Meaningful Alternatives to Insurgency

Laborers pause while excavating a damaged section of canal that runs through the Khas Kunar district center.
Laborers pause while excavating a damaged section of canal that runs through the Khas Kunar district center.
USAID/CDP/CADG
Irrigation projects offer residents a meaningful alternative to work with insurgent groups
25 FEBRUARY 2012 | KUNAR, AFGHANISTAN
 
CHALLENGE    Roughly 120,000 residents from Kunar Province in Afghanistan travel to Pakistan in search of work each year. 97 percent of these residents are men in their twenties and thirties. Most of them will spend less than a year in Pakistan, waiting for the return of seasonal farming jobs in their home country. In Pakistan, the average worker will earn $120 per month in wages, saving only $16 after room and board expenses. These savings can cover the expense of weddings, fertilizer loans, or family medical emergencies. As a result, financial pressures have led some young men in Kunar toward work with insurgent groups, some of whom pay as much as $120 to any farmer willing to plant an explosive device along one of Kunar’s roadways.
 
INITIATIVE    USAID launched an irrigation project in the province along Afghanistan’s eastern border in Khas Kunar District. Implemented by Central Asia Development Group, the project employed 3,237 men from villages throughout the district to rebuild canals and walls that protect more than 8,000 ha of farmland. Skilled laborers were paid $10 per day for the duration of the 150-day project, while unskilled laborers received $5 per day for 50-day periods. Each evening, the workforce returned home for a cooked meal instead of eating at a stall or canteen. As a result, workers were able to save $100 to $300 per month.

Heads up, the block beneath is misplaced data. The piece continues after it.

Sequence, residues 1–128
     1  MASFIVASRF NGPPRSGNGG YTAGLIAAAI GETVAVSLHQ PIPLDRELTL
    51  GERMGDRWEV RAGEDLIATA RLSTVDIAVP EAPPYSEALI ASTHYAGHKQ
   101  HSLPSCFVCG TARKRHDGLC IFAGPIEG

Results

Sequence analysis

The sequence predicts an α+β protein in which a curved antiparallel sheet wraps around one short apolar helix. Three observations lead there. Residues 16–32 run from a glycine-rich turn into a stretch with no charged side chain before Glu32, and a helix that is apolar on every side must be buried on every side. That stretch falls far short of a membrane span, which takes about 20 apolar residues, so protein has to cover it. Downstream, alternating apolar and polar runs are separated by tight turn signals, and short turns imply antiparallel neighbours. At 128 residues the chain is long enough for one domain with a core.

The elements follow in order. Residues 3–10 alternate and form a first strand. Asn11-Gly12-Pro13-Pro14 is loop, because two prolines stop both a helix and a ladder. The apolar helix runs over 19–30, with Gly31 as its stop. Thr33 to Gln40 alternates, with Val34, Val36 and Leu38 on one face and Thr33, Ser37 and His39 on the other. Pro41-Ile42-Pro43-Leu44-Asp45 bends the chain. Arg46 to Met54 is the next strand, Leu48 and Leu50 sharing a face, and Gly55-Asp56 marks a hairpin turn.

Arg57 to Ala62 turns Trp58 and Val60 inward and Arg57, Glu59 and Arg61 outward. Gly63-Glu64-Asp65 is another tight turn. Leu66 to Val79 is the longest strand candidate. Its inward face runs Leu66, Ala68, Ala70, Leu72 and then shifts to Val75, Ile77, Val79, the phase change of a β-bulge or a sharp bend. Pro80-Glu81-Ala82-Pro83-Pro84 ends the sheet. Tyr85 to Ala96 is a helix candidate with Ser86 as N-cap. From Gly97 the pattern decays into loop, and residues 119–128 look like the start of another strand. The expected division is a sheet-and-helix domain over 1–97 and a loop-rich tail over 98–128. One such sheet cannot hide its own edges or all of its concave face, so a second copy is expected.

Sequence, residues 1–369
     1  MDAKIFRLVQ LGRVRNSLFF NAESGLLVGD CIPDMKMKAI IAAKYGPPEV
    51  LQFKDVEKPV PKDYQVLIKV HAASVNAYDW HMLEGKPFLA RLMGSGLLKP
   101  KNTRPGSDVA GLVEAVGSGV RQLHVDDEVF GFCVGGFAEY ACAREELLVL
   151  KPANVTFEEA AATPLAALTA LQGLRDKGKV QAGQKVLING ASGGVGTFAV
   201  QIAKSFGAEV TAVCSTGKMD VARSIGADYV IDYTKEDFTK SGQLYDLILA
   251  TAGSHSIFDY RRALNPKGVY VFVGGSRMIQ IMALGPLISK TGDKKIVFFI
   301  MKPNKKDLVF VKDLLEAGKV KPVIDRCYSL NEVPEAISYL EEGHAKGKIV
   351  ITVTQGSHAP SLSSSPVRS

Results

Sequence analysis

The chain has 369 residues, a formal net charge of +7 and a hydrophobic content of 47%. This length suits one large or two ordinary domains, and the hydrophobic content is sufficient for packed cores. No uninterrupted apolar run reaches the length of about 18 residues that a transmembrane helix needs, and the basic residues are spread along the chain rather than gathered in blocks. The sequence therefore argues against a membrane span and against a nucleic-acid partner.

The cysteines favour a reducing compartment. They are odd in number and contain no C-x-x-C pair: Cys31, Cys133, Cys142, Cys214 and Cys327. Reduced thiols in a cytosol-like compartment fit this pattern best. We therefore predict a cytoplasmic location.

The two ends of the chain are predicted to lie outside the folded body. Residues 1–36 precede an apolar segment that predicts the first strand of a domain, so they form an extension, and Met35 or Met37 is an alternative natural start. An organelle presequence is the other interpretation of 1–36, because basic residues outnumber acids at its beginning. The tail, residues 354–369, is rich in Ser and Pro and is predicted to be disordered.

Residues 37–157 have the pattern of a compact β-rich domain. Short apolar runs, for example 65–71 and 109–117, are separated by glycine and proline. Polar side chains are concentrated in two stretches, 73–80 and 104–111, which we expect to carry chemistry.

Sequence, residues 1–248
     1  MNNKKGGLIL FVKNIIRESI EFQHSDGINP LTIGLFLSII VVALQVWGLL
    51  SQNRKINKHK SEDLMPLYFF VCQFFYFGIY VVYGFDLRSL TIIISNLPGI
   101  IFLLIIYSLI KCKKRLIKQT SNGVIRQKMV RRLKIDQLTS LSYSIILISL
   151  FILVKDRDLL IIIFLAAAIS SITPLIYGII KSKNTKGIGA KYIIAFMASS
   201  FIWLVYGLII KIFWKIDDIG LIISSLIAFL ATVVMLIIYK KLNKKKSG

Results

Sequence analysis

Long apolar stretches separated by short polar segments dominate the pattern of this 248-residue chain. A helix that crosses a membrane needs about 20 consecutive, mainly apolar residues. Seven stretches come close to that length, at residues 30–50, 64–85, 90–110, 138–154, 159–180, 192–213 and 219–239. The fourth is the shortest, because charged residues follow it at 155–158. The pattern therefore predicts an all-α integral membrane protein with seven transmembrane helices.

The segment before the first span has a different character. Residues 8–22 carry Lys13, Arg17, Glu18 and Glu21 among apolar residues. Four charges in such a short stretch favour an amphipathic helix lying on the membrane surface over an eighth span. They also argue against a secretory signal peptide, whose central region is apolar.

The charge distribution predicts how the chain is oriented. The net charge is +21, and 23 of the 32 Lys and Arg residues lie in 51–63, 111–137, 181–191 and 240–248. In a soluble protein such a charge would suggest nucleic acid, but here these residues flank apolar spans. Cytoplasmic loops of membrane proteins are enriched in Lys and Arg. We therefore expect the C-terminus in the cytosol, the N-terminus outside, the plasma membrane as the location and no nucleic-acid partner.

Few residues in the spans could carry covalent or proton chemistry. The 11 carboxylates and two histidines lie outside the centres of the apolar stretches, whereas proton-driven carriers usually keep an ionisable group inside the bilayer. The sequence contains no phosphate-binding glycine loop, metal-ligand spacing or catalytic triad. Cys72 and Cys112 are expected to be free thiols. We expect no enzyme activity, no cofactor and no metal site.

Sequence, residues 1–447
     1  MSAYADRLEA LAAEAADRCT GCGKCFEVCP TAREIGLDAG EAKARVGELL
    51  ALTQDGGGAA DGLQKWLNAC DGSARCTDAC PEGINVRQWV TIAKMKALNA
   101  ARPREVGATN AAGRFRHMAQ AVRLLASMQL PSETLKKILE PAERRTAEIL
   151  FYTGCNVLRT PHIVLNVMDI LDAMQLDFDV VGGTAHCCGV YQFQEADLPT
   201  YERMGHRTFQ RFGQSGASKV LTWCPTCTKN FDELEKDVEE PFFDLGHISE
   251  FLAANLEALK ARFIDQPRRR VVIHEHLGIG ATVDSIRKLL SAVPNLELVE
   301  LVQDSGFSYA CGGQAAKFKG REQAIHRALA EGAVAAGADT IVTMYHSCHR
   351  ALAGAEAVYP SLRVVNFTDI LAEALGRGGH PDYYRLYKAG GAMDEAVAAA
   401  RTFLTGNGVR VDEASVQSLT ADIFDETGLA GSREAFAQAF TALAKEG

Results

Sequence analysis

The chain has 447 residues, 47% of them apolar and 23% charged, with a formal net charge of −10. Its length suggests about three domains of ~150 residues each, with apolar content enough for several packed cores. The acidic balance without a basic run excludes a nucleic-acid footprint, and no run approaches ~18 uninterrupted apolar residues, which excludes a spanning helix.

RESULTS    Far fewer young men traveled to Pakistan during the project’s duration. Muhammad Nasim is one of the dozens of ex-Taliban who gave up the life of an insurgent to work on USAID projects. He said that people were actually returning from Pakistan to seek work on project sites. “Villagers prefer to stay at home when farms yield good crops and when flooding is controlled,” said Nasim. “If work opportunities are available, people resist insurgent recruitment, even if they are promised far more than local daily wages.”
 
Nasim spends his spare time sending a similar message to his ex-comrades in the area. “I tell them, if there is work, if there is good farming, then we have enough and we should not join the insurgents who want to destroy Afghanistan.”

Last updated: May 15, 2014

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